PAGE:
A Walking Pilgrimage in Knaresborough Part 2

A Walking Pilgrimage in Knaresborough Part 2

In part 1, we visited the ruins of Knaresborough Castle and walked along the River Nidd. In this post, friar Solanus Mary takes us to a mediaeval Marian Shrine.

Mediaeval Marian Shrine

As you walk along the riverside for a short distance, you will eventually reach the entrance gate to the shrine. On the rock face beyond the gate, can be seen the carved figure of a knight – probably a Knight Templar (the Knights once lived in the nearby village of Little Ribston). As can be seen from the photograph, the Knight is brandishing a sword in his hand: he is guarding the shrine. The entrance door to the chapel stands to his left. This door leads into the tiny chapel, which is actually formed from a cave inside the rockface. Facing the entrance is a niche which contains a statue of the Blessed Virgin Mary. 

As you look up towards the ceiling you will notice a carved rose, which may represent the emblem of the House of York (we are in the county of Yorkshire). This rose carving pre-dates the Tudor period. The space inside the chapel can only hold a few persons at a time, so when Mass is celebrated it is held outside.

History of the Shrine

Chapel Altar

So what is the origin of this Marian Shrine? Like many other Marian shrines before it, and after it, this shrine was built in gratitude to the Holy Virgin for a miracle obtained through her intercession.

The shrine dates from 1408, when it was built by a local stonemason, John the Mason. We are told that one day John’s son was playing under the cliff when there was a sudden rock-fall. John saw what was happening but was too far away to prevent his son from harm. He cried out to the Holy Virgin to save his son. The course of the boulders was altered, and the boy escaped unharmed: a miracle, by all accounts. John attributed this miraculous escape to the intercession of the Virgin Mary, and he built the shrine in her honour. Its construction is a remarkable feat, hewn out of the very rock-face itself. Indeed, it is so solid, it undoubtedly proved too difficult for King Henry’s henchmen to destroy it a century and a half later.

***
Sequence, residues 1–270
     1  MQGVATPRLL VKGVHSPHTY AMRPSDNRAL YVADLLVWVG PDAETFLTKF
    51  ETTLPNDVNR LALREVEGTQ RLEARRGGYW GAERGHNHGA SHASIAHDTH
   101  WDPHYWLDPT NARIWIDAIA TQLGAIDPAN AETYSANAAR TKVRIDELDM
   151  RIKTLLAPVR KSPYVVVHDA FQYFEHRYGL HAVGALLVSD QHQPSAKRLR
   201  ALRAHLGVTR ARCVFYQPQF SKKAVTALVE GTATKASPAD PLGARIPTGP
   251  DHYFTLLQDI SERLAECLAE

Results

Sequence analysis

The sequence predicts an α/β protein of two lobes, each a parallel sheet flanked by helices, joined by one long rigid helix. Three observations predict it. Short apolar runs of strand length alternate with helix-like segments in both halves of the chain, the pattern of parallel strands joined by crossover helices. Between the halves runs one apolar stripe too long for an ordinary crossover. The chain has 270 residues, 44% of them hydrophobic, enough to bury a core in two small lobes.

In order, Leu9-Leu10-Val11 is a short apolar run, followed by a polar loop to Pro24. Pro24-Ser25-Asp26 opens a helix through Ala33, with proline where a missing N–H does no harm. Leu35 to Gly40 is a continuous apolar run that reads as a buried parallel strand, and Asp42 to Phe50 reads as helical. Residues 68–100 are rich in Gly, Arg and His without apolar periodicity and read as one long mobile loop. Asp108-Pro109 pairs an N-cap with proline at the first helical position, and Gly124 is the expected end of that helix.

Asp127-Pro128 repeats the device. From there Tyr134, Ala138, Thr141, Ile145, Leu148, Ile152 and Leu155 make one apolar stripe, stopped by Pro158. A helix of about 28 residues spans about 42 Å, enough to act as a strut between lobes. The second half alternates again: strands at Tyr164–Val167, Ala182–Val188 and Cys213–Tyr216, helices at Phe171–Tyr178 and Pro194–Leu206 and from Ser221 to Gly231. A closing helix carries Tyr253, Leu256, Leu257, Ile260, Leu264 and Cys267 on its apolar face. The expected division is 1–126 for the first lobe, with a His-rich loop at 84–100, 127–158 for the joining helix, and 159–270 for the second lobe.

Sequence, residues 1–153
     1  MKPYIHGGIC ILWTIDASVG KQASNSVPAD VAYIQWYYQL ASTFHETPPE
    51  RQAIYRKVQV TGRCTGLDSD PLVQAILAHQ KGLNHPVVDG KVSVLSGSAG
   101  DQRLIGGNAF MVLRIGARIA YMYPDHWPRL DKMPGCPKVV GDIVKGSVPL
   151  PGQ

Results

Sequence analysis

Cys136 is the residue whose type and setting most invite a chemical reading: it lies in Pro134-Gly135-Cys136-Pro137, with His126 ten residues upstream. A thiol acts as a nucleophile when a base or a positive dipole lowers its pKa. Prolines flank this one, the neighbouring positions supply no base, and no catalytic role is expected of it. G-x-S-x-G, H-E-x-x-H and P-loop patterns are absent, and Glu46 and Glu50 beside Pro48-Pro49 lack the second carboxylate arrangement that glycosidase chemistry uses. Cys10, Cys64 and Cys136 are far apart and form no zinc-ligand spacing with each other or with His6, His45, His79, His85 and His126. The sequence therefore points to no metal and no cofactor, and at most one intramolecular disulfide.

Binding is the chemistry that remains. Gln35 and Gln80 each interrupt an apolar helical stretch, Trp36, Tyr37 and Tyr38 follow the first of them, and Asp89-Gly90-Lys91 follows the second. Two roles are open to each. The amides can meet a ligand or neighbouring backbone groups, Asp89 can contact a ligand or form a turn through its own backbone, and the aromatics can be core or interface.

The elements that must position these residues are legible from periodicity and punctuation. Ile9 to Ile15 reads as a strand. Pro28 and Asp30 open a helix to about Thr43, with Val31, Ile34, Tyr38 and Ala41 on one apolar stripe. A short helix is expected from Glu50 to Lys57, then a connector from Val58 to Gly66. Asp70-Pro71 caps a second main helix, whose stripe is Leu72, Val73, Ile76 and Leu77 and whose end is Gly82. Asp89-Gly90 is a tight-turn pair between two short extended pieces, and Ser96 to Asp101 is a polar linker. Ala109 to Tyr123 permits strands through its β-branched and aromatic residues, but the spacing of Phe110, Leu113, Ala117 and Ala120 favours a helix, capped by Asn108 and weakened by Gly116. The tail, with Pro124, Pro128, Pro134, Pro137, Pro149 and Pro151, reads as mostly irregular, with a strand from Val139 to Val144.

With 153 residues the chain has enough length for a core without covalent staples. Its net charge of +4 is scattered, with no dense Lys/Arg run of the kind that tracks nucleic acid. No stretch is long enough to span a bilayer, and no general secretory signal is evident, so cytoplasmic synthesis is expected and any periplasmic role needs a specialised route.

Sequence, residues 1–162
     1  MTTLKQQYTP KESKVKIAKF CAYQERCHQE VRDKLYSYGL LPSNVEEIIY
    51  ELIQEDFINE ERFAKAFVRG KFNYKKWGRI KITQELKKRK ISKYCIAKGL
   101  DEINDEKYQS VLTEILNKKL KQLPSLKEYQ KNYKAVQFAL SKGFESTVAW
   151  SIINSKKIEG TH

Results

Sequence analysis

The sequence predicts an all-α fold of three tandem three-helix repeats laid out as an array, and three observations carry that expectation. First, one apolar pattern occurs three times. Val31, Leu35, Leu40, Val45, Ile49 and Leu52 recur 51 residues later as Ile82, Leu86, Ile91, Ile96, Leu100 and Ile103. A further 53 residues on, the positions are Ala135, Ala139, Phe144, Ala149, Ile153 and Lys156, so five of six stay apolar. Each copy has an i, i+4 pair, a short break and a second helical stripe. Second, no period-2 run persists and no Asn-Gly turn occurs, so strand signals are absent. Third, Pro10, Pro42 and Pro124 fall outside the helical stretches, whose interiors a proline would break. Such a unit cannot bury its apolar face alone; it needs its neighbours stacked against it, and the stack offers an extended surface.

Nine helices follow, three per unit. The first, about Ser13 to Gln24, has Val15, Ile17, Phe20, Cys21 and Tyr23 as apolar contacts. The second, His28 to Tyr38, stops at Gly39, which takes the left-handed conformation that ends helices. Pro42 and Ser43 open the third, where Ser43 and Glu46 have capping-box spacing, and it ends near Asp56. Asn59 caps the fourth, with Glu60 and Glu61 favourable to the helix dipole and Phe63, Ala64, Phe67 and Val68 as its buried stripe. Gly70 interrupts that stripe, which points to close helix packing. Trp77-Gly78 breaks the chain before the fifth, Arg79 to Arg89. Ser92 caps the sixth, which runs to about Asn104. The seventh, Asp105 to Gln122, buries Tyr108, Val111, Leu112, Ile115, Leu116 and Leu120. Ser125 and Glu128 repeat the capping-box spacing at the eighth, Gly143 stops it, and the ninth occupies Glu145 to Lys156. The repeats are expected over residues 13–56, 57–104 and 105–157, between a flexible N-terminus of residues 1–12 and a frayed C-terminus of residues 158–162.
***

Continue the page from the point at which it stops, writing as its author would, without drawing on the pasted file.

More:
A carved rose on the ceiling may represent the emblem of the House of York

The Shrine in modern times

In 1916, the shrine was bought and restored by another John –  John Martin, who gave it to Ampleforth Abbey, a nearby Benedictine Abbey. In recent years ownership of the shrine has been passed on to a local trust. A new statue of the Madonna and Child has been placed inside for veneration. This trust carried out much needed maintenance work in 2022. The shrine is now open to the public for a few hours during the summer months; outside of these times, visits are by prior arrangement with the trust.

To be continued…

– friar Solanus Mary OFM Conv.